Westbrook, Texas, has just become the seventh city in the state to declare itself a “sanctuary city for the unborn,” banning abortion “at all times and at all stages of pregnancy [because it is] an act of murder.”
Right to Life of East Texas spearheaded the “sanctuary cities for the unborn” initiative earlier in 2019, with Waksom, Texas, being the first to adopt the measure. The local, grassroots level is one of the basic building-blocks of pro-life movement, and it helps to deter abortion clinics from opening in such municipalities. The movement is gaining steam across the United States.
Although several sanctuary cities are in the state of Texas, the movement is by no means limited to that state. As Live Action News has reported, Springdale, Arkansas, and Riverton, Utah, are among the growing movement, and some in Phoenix, Arizona have expressed interest as well. The pro-life battle has been fought on the national level for years; sowing seeds at the local level is a new frontier on which pro-lifers have found some success in Georgia, Alabama, Kentucky, and elsewhere.
According to The Texan, the ordinance can be enforced both publicly and privately. However, until Roe v. Wade is overturned, the ordinance cannot be enforced, even though penalties could come into play if the Supreme Court decision is ever overturned. “While it is true that this public enforcement cannot be enforced until Roe v. Wade is overturned, that does not mean that the penalties do not exist,” Mark Dickson, founder of the sanctuary city movement, told The Texan. “The penalties will keep stacking up until Roe v. Wade is overturned. At that point, those penalties will come crashing down on the abortionist [and anyone assisting the abortionist] as long as the abortion happened within the city limits of Westbrook.”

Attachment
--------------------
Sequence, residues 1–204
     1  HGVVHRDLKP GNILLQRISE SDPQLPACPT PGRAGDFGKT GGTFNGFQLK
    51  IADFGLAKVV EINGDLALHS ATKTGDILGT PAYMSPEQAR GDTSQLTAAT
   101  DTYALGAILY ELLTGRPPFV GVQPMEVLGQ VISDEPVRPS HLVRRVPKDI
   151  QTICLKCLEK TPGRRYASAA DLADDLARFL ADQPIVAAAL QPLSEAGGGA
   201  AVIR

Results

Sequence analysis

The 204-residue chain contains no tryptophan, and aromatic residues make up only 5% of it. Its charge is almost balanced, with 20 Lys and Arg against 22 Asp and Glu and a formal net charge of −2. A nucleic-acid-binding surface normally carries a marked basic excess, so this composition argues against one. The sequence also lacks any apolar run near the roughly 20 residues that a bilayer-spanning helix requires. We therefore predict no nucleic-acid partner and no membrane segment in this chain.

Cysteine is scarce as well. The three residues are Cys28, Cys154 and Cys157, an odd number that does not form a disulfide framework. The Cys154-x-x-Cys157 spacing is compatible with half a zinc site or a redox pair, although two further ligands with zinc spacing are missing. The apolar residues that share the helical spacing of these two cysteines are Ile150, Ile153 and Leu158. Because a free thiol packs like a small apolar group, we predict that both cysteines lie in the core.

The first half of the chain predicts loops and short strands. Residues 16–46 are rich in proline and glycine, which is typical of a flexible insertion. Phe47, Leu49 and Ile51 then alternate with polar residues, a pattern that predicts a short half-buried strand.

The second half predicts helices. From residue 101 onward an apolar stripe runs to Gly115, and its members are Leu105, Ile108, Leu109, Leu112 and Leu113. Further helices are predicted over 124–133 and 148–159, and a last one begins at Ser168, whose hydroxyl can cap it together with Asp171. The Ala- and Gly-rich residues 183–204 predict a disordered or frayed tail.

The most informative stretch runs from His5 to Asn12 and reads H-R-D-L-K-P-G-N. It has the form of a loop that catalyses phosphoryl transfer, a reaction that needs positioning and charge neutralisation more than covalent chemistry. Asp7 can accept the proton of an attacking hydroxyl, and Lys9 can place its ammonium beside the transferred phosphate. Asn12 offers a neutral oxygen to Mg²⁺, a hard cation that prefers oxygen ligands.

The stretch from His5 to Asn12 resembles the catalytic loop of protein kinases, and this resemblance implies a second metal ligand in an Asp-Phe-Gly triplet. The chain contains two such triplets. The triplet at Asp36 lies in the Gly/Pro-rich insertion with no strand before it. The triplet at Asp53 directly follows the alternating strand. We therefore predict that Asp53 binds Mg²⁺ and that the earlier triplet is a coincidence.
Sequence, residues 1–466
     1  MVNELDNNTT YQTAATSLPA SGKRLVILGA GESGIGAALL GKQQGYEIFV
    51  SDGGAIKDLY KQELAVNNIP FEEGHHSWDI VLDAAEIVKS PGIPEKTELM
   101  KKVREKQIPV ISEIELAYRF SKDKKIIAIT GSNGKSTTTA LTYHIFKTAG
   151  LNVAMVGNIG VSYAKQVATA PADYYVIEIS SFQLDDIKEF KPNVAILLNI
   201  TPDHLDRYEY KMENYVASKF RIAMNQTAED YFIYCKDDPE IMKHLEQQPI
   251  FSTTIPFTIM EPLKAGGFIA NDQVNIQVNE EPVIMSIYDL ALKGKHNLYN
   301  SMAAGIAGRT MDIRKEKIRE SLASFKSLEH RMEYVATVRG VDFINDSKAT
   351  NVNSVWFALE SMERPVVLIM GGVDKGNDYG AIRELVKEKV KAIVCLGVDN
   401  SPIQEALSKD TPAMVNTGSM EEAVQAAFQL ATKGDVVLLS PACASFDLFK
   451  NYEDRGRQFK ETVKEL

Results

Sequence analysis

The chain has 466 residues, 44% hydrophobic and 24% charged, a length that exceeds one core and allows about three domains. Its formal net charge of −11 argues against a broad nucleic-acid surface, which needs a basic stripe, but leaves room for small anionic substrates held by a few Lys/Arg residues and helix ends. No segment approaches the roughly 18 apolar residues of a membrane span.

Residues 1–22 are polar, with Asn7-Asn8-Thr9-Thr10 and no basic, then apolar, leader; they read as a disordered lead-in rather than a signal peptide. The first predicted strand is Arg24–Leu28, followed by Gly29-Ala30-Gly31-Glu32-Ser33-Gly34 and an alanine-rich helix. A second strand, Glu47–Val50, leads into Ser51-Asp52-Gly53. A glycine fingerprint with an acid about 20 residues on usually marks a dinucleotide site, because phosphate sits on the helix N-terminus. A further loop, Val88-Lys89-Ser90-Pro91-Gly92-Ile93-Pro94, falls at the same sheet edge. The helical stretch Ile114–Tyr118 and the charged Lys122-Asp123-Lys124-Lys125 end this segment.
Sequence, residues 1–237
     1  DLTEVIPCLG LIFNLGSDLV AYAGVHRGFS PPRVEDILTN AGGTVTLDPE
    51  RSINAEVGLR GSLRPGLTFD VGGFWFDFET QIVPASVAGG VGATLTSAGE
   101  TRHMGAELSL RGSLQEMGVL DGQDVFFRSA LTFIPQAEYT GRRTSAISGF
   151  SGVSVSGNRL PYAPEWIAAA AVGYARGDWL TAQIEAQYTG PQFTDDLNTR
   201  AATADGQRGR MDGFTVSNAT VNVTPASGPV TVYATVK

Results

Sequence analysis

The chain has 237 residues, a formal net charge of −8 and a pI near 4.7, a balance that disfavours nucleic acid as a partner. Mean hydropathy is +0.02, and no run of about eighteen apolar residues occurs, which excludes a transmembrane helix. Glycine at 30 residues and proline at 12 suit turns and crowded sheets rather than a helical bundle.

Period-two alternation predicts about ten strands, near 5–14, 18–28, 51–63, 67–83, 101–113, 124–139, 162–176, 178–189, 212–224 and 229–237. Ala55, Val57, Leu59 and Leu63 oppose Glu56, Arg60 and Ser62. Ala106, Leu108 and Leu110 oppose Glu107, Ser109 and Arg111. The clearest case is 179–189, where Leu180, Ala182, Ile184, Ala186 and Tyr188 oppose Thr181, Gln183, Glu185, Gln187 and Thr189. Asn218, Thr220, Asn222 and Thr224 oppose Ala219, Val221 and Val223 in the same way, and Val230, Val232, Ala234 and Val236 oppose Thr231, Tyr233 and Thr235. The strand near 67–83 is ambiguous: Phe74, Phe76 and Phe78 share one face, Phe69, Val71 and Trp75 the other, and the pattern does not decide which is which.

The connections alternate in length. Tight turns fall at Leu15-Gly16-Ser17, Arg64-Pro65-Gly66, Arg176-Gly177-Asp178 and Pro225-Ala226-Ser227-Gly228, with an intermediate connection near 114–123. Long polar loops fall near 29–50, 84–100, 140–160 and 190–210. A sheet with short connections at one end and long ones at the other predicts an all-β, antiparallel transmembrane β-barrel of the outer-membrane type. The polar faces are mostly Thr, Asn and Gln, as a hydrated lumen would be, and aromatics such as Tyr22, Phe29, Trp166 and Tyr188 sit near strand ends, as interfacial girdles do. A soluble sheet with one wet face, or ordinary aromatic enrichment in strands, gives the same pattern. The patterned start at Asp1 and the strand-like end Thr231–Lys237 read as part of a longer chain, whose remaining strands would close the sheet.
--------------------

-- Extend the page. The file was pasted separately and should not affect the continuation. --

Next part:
Private enforcement would not have to wait for any Supreme Court decision. It would mean that any family connected to the aborted child such as aunts, uncles, cousins, grandparents, or anyone else, could sue the abortionist for damages.
Abortion supporters, unsurprisingly, are not thrilled and are even going so far as to call this positive pro-life, democratic expression an “epidemic.”
“It’s a problem. It’s a growing epidemic. It’s something that we think is not just going to stop in East Texas. We expect it to move to other parts of the state,” said the ACLU’s local political strategist, Drucilla Tigner.
A number of political initiatives have begun an effort to dilute the conservative nature of the state of Texas. Planned Parenthood has started to invest money in West Texas, and it recently received a $9 million grant to open two facilities in that part of the state by spring of 2020. Nationwide, the abortion giant is pushing a new app which includes telemedicine abortions, while advocating for legal at-home medication abortions in hopes of gaining new clients in otherwise hard-to-access areas, such as rural parts of Texas. The organization also has a chatbot aimed at minors.
The city ordinance, which takes as its guiding principle the Constitutionally-established “right of self-governance for local municipalities,” is subject to legal challenge.
Editor’s Note, 12/5: This article previously mislabeled Right to Life of East Texas as “the East Texas chapter of Right to Life.” We regret this error.
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